Last updated on May 18th, 2022 at 06:54 pm
How to make your property worth more
Whether a property is self-managed or professionally managed, there are tried and true principles that can help maximize its value. Three basic factors or assets are at work in a process called “balanced asset management.”
This is the most obvious factor and the one given the most attention. If your property is an income-producing investment, you need to maximize income collections for rent, common area maintenance, property tax recoveries and more. Make sure you are charging for all that is proper and due to the landlord in accordance with the lease. And I have also recently been working with some fabulous Bristol letting agents, so if you need to let property around there then definitely give them a call.
Expense control is also very important. An annual “zero-based” budget is a good tool to give you a financial map and to monitor costs. Each year, taking a fresh look at the asset will help you maximize its value. The downside of expense control is that the other assets will suffer from overly restrictive budgets. This is where balance comes into play.
In real estate, the value of your income-producing investment is measured by the durability of the net income stream. This is called net operating income (NOI). The higher and more effective your NOI, the higher the value of your property.
Below the line are items such as debt service (mortgage) payments and “cashflow,” which is the before-income-tax reward for investing in real estate. Unfortunately, an investor can fall into the trap of “milking” the cashflow until the investment fails, as illustrated when we discuss the other assets.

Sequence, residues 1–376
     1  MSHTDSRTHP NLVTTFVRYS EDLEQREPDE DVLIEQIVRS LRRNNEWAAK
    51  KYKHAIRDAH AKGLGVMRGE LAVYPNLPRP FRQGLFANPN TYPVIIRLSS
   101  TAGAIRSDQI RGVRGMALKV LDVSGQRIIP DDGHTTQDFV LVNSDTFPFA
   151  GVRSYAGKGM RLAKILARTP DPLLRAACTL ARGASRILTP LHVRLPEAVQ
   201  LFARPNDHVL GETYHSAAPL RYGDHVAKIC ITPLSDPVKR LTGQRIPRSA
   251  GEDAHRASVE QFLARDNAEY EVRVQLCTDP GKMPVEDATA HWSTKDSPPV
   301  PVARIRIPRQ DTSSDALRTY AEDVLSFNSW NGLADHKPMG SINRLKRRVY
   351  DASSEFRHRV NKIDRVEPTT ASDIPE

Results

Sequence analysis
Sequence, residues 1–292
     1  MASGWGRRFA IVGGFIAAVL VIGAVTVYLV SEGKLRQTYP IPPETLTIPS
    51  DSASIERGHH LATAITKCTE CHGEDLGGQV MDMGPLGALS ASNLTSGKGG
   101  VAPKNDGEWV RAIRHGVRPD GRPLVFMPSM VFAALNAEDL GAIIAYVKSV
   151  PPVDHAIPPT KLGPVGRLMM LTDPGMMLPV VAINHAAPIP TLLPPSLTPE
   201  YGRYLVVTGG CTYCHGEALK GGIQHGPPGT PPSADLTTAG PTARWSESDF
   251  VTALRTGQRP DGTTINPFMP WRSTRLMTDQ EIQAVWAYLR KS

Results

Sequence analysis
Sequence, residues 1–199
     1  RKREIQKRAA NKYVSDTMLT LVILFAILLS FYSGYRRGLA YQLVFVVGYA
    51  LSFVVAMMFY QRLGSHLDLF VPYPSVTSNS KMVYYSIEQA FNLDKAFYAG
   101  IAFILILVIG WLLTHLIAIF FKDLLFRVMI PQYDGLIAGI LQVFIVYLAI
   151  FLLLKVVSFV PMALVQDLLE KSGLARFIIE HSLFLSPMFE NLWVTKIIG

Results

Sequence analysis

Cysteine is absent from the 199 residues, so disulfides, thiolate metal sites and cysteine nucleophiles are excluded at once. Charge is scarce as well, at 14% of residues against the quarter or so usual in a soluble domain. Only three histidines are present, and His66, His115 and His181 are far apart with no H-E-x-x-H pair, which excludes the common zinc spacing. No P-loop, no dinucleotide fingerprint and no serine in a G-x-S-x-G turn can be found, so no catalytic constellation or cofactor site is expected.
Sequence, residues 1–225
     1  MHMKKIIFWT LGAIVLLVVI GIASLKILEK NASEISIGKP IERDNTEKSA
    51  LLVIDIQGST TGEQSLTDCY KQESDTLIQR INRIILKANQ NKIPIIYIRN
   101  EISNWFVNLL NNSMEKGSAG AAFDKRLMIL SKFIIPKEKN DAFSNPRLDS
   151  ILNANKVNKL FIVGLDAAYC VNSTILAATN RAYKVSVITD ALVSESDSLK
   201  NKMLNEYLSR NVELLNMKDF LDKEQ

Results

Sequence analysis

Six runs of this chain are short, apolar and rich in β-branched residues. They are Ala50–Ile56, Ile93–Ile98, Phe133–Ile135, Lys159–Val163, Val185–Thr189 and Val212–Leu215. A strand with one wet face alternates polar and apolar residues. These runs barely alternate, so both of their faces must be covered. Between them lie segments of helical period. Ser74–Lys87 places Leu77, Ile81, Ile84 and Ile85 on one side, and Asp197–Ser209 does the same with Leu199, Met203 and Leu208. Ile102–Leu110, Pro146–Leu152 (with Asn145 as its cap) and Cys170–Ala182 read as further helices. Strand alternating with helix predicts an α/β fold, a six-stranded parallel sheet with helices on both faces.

Physical assets include the building, its interior and exterior improvements, the land, the location, how the building is configured on the site, its components and contents such as mechanical equipment. The entire property should be cared for in the same manner as a car, with a preventive maintenance approach. If regular repairs and maintenance are performed on the roof, walls, landscaping, parking lot, windows, doors and so on with the help of commercial roofers, landscapers, etc., you will achieve what we call “crisp curb appeal,” and that adds value to your property. To do this, you must see that vendors and maintenance staff have good procedures and pay attention to detail. Quality repairs and maintenance cost money, but allocate enough financial resources to do this right instead of “milking” the cashflow and failing to reinvest in your own investment.
So what are “human assets”? This is a foremost consideration because we build buildings for people – a fact that too many investors forget. The occupants, visitors, vendors and community representatives who enjoy the use of the property should truly enjoy it. If the financial and physical assets are not handled properly, people will notice that things are broken, neglected, old and tired, outdated and even unsafe. People must have a good communications system for reporting and taking care of those things to keep a property running smoothly. Responsiveness to problems – both anticipating and solving them – makes people want to use and return to well-managed properties.
Balanced asset management
Based on those factors, the key is in the balancing act. Financial, physical and human assets all need balanced attention in order to maximize the value of an investment property. The same principle can hold true for properties that do not produce income, such as one’s house or a single-occupant business. A lack of regular and attentive maintenance and proper financial balance are very visible and detrimental. Properties reflect balanced-asset management positively, so think about it. Balance means achieving short-term gains without sacrificing long-term value.
David L. Kliber, is president and chief operating officer of Polacheck Property Management Corp., part of the Polacheck group of companies in Milwaukee.
Aug. 3, 2001 Small Business Times, Milwaukee